Retailer Superdry said it is cautious about the future as spiralling costs and the weight that shoppers are under has added to uncertainty across the economy.
The business said it has still not recovered to pre-pandemic revenue levels and does not expected to do so during the current financial year.
In the year to the end of April, revenue rose nearly 10%, hitting £610 million, while the business swung to a £17.9 million pre-tax profit, from a loss of £36.7 million a year earlier.
“These are exceptional times for retail and for the economy more generally, and like all brands we’re having to work harder than ever to drive performance,” said chief executive Julian Dunkerton.
“Against that backdrop, I am pleased that we managed to return the business to full-year profit, driven by increased full-price sales, whilst also making strong strategic progress.
“I’m proud of the strides our team has made, delivering great product while also making a step-change in our social and digital capabilities and real progress towards our sustainability objectives.”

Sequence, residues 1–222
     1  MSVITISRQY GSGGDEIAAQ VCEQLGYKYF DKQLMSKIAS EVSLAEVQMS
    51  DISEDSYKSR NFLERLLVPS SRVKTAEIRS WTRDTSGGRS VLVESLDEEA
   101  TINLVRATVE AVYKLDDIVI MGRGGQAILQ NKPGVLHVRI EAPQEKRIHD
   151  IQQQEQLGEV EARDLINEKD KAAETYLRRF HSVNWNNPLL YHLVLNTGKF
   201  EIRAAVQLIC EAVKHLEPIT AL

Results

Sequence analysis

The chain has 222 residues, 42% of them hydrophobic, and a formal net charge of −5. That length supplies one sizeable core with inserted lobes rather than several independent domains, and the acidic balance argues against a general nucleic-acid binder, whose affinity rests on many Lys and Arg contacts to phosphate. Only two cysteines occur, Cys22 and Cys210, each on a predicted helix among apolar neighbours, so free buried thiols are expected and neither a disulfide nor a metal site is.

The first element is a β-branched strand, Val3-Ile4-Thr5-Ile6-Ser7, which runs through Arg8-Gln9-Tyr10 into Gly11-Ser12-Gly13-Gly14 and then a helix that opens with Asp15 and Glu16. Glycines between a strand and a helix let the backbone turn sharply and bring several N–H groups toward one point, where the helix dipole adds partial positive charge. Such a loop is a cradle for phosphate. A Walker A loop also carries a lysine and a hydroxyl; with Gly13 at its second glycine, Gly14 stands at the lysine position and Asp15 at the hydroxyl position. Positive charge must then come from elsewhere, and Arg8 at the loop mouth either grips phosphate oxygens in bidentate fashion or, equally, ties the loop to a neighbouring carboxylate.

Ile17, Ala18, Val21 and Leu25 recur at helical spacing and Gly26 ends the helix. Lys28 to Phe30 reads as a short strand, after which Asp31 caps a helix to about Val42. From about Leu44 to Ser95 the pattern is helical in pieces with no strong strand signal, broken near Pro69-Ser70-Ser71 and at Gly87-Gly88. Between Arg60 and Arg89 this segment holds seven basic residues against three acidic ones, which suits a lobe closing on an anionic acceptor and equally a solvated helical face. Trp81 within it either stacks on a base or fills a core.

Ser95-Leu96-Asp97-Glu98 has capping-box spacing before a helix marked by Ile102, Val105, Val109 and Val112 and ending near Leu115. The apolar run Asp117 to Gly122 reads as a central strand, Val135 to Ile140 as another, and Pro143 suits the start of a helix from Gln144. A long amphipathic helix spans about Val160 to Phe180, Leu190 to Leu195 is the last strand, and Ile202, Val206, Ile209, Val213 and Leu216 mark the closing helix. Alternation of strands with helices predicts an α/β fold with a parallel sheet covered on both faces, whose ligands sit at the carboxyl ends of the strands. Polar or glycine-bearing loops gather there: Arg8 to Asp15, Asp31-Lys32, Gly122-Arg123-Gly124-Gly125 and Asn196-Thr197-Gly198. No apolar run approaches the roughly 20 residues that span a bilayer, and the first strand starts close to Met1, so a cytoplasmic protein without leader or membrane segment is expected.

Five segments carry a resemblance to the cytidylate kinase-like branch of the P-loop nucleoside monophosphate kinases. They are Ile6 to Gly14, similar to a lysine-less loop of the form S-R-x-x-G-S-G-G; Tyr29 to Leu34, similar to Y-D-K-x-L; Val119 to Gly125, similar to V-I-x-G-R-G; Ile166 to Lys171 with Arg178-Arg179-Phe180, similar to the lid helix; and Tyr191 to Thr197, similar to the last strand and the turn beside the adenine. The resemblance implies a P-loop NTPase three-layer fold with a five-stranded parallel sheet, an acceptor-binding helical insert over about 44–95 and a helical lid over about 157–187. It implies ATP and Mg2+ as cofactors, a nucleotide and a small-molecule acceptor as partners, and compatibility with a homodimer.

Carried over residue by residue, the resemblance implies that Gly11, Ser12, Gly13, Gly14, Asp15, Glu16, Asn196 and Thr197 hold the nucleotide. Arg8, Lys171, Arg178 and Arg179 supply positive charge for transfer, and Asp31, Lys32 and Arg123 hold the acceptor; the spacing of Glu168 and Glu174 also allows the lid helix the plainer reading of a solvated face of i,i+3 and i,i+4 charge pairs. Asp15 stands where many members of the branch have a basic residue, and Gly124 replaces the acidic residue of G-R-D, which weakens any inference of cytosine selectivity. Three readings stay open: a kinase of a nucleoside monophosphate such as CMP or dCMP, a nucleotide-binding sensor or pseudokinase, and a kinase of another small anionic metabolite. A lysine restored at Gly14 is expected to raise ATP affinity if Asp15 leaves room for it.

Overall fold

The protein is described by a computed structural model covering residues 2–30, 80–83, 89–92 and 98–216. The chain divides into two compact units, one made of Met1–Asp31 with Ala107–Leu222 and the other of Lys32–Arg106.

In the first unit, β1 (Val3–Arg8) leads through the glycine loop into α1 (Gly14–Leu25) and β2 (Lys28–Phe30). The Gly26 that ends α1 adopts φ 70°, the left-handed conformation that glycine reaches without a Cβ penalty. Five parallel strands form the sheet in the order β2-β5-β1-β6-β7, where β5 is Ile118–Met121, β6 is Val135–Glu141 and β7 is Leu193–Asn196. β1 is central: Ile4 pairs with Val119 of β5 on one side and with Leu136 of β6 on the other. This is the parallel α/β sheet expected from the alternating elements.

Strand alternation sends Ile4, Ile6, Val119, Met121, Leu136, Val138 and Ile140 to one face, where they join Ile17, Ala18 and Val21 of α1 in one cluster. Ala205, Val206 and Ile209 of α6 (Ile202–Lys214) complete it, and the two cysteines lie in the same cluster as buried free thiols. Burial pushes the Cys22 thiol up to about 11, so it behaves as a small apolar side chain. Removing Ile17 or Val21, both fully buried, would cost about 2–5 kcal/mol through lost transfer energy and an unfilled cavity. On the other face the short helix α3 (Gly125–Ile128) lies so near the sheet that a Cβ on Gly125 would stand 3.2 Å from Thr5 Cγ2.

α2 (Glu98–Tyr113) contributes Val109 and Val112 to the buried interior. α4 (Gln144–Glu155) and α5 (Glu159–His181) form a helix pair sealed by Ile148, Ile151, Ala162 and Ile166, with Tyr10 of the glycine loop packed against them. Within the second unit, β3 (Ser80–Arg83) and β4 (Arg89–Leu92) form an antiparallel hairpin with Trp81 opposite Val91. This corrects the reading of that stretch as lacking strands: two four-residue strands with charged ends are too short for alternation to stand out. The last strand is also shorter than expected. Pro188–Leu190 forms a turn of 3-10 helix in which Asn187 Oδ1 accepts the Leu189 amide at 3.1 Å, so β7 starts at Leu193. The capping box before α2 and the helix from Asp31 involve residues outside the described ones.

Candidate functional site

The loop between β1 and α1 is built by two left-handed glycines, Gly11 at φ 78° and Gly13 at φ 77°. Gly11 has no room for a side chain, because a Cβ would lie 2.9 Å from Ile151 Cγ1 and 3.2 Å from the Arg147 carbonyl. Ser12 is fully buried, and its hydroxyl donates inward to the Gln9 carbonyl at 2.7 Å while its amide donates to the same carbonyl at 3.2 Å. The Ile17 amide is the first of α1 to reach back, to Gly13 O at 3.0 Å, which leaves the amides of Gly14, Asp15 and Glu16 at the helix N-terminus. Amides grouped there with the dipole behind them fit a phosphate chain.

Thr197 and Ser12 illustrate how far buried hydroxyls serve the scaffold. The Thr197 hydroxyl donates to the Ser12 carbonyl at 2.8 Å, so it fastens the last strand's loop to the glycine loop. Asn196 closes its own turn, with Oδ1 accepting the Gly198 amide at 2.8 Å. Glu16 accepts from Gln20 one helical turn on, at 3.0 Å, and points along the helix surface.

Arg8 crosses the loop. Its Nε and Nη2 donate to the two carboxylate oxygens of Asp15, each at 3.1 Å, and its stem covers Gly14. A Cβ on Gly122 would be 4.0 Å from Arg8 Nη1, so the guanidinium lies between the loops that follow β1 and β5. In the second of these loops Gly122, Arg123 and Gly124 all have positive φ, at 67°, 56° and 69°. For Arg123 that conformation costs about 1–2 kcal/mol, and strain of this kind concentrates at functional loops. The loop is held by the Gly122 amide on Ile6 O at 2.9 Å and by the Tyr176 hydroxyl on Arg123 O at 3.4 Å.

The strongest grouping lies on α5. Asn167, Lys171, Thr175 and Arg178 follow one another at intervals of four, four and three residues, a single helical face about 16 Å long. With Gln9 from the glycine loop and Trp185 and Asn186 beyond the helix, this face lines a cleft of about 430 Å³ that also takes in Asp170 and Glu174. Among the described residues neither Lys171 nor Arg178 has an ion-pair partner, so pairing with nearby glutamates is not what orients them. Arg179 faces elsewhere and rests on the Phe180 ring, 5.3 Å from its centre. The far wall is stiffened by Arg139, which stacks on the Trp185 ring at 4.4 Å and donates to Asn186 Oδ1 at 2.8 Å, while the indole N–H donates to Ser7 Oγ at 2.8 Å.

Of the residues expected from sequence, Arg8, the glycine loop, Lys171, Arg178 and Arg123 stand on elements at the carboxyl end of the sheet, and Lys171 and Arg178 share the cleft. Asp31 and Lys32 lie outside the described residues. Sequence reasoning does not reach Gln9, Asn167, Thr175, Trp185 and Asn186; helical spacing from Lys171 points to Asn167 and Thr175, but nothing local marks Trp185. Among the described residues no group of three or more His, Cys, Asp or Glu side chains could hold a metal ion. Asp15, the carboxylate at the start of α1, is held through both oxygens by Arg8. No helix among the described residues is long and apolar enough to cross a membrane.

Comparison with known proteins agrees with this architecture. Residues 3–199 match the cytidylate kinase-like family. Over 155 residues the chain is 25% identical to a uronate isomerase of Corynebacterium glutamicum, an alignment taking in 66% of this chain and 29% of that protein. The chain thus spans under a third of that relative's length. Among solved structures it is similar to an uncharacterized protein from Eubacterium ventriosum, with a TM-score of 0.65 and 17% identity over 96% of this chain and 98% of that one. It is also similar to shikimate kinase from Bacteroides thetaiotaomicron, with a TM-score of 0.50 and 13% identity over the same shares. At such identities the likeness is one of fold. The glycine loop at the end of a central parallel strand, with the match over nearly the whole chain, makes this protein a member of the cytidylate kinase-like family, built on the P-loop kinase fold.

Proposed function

It was a year of online outreach for the business, which has gained more than 450,000 followers on its TikTok account, opened just 12 months ago.
The business also said it had grown its “army” of online influencers from 2,000 to 2,349 by the end of the financial year.
However, the company’s online sales, which soared during the pandemic, are giving some of their ground back to the high street shops, although footfall in stores is not back to pre-pandemic levels, the business said.
It also warned of tough times ahead, as costs soar for customers and businesses alike.
“We remain cautious about the near future as we continue to face a challenging macroeconomic environment, high levels of inflation, and the potential impact of these on consumer spending patterns,” the business said.
“We expect revenues to continue to recover throughout the 2023 financial year, although still not reaching pre-pandemic levels.”
Adjusted pre-tax profit is expected to reach between £10 million and £20 million in the financial year, compared to £21.9 million in the year ended this April.